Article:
Back in 1965, when I was less than 10 years old, the UK spent several weeks engaging in a death watch, as Winston Churchill, the UK’s war time leader, was terminally ill. Day after day we heard sombre bulletins of his condition, which seemed to point in a downwards direction, and sure enough, eventually it was announced that he had passed away. The period was, to some extent, the end of an era, and it was a sombre moment.
Now, we seem to be re-enacting the same “Death watch” process with Brexit. Deadline after deadline has come and gone, and there is still no definitive direction (Yes! A Deal? No! No Deal?) despite continual talks between negotiators and occasional talks between Boris Johnson and EU senior leaders.
What is clear is that any deal, should one be agreed, will (a) be a very “bare bones” deal, with a whole host of other agreements still to be finalized, and (b) it will most probably not be formally ratified by the EU Parliament in time for the beginning of 2021, which will oblige the EU and the UK to agree on yet another collection of interim arrangements.
As I write this, nobody seems to know if a deal will be agreed. The UK government has made some concessions, most notably over the Internal Market Bill, which was a “red line” for the EU because it conflicted with the EU Withdrawal Agreement and threatened the legal basis of the Good Friday Agreement. The UK government, having been forced to withdraw the offending clauses, is desperately attempting to claim that they were only included as part of a negotiating tactic. However, if you introduce something in the middle of a negotiation that causes your negotiating partners to inform you that you will not get any kind of deal if you persist in that course of action, that does not seem to me, in any way, to be a useful tactic. Sending a signal that you regard treaties as optional does not play well in geopolitics.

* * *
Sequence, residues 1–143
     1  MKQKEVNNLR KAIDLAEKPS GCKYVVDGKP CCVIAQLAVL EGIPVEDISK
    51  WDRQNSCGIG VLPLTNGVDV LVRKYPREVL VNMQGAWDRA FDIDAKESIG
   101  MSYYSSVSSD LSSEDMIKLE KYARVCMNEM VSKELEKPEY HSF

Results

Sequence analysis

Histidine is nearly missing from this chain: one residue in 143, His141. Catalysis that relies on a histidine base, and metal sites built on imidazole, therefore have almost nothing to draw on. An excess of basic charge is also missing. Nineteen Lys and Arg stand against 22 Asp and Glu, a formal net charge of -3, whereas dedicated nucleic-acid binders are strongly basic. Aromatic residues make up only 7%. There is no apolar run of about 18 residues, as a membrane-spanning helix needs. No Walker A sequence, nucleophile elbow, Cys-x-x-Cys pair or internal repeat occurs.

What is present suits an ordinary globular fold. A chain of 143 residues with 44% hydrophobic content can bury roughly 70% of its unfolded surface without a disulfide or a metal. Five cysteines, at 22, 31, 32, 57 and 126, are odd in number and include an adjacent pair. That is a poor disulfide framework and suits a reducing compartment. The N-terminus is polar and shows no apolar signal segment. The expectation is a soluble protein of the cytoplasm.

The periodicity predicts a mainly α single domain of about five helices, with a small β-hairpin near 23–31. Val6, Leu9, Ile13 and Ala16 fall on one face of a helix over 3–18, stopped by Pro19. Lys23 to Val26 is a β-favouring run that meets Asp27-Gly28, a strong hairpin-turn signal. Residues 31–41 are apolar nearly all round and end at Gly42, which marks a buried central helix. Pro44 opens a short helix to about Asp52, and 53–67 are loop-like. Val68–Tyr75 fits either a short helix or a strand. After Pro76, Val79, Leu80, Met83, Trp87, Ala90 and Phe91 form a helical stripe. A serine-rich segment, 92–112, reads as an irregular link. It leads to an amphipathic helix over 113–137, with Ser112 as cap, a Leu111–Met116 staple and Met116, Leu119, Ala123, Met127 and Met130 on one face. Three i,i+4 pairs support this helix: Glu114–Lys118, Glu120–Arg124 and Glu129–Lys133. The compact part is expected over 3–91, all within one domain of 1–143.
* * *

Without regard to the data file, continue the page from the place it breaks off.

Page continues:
Chris Grey does his usual excellent job of summarizing the state of the current mess. As usual, he throws in a money quote:
The Brexiters have spent decades saying that the EU is akin to Nazi Germany or the Soviet Union, totalitarian and dictatorial, and a ‘protectionist racket’. Yet they seem to have predicated Brexit on the starry-eyed belief that it would be cuddly and nice, and a pushover in the negotiations.
While all of this talking and to-ing-and-fro-ing is happening, businesses in the UK have taken action, by attempting to forward buy and stockpile. This in turn is overloading current distribution paths, leading to traffic chaos. In the meantime, more and more consequences of the UK leaving the EU are becoming obvious, ranging from insurance cost increases, through pet restrictions, to severe restrictions on the transport of foodstuffs.
Brexit is going to be a shit-show. The only question now, is how big a shit-show it will turn out to be.